A U.S. Commerce Department investigation found that Chinese cell phone maker ZTE “has reexported controlled items to sanctioned countries contrary to United States law” by selling U.S. telecommunications parts to Iran — in violation of U.S. sanctions.
ZTE makes phones for:
The company has been placed on the Commerce Department’s “Entity List” which makes it subject to specific license requirements for the export, reexport and/or transfer of specified items.
The restrictions require American suppliers to apply for an additional export license before shipping their parts to ZTE. It’s unlikely that those license requests will be approved.
The U.S. Commerce Department also released internal ZTE documents that the government claims outline how the company allegedly planned to circumvent U.S. trade sanctions on Iran
US blocks exports from Chinese mobile phone maker ZTEA U.S. Commerce Department investigation found that Chinese cell phone maker ZTE “has reexported controlled items to sanctioned countries contrary to United States law” by selling U.S. telecommunications parts to Iran — in violation of U.S. sanctions.
View the documents in English and Chinese below.
“ZTE has been working with relevant U.S. government departments on investigations, maintaining constant communication with relevant departments and is committed to fully address and resolve any concerns,” the company wrote in a statement.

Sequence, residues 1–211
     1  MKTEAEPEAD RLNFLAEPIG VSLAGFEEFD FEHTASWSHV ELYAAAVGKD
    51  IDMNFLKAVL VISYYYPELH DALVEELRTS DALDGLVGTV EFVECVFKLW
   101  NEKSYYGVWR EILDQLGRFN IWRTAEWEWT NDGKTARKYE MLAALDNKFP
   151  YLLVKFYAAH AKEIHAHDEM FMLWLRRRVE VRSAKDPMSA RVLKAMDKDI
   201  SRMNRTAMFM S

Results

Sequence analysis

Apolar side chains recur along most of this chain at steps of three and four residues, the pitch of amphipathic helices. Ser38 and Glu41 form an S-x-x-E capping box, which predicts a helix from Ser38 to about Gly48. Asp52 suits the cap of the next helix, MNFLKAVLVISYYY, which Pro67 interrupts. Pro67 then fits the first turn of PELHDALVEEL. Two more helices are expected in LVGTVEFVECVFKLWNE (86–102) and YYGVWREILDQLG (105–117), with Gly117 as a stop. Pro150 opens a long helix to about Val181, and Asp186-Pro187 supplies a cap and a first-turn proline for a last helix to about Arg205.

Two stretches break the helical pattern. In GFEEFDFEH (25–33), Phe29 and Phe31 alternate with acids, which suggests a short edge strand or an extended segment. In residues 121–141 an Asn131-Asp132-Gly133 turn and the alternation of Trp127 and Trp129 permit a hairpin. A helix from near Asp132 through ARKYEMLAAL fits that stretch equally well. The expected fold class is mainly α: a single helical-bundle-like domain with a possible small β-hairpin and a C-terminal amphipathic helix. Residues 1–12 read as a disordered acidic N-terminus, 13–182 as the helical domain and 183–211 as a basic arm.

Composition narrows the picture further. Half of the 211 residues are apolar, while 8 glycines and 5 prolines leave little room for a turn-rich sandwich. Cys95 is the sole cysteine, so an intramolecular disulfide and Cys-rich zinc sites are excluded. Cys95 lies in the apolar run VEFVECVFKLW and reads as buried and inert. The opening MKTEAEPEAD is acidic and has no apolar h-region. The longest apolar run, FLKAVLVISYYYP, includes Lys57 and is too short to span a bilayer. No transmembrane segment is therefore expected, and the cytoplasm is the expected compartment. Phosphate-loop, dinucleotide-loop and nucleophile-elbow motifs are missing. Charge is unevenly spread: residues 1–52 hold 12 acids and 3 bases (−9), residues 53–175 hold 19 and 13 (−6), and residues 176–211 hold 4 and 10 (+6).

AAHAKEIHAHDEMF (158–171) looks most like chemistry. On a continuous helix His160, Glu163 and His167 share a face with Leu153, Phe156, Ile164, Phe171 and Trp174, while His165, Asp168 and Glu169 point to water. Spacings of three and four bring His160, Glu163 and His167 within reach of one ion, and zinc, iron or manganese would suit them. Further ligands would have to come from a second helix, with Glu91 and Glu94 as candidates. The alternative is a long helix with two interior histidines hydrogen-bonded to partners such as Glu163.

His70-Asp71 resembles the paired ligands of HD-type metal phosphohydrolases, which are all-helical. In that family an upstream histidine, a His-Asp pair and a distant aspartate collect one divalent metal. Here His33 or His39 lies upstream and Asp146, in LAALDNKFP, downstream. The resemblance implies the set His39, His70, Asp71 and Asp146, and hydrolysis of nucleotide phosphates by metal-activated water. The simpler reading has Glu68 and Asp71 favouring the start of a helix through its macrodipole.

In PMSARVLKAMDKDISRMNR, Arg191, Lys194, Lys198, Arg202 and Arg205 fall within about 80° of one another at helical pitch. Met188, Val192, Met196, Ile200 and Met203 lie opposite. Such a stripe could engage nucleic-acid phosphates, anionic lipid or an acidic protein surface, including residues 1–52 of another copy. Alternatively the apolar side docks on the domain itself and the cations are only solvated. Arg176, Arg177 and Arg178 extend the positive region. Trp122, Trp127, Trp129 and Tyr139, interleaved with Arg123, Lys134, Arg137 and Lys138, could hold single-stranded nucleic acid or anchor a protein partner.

“As a responsible business, ZTE strives to ensure all operational activities adhere to international trade practices and the laws and regulations of host countries.”
Enrico Camarinelli, analyst at the Aite Group told CCTV America the ruling will hurt major U.S. suppliers the most. Consumers, he said, are unlikely to feel any long-term impact.
“The only impact on consumers could be a potential shortage of parts, but all these suppliers are replaceable,” he said.
Sino-U.S. Trade Friction
China’s Foreign Ministry weighed in on the decision Monday.
“China is always opposed to the U.S. citing domestic laws to place sanctions on Chinese enterprises,” Foreign Ministry spokesperson, Hong Lei told reporters in Beijing. “We hope the U.S. stops this erroneous action and avoids damaging Sino-U.S. trade cooperation and bilateral relations.”
According to Bloomberg Analytics, Avnet, Qualcomm, and Microsoft are among the top U.S. suppliers to ZTE for its telecommunications equipment.
Camarinelli said with so much U.S. business on the line, the U.S. Commerce Department could have made a choice to work out a deal with ZTE prior to issuing this ruling.
“On one hand, this can be about making sure China follows the rules (of global trade), but there are more diplomatic ways to do this,” Camarinelli said.
The ruling is likely to incentivize Chinese companies to develop their own Chinese supply chain to avoid the liability associated from relying on American suppliers down the road, he added.
Documents released by Commerce Dept. of alleged internal ZTE memos:
Scroll to end of each for the Chinese version.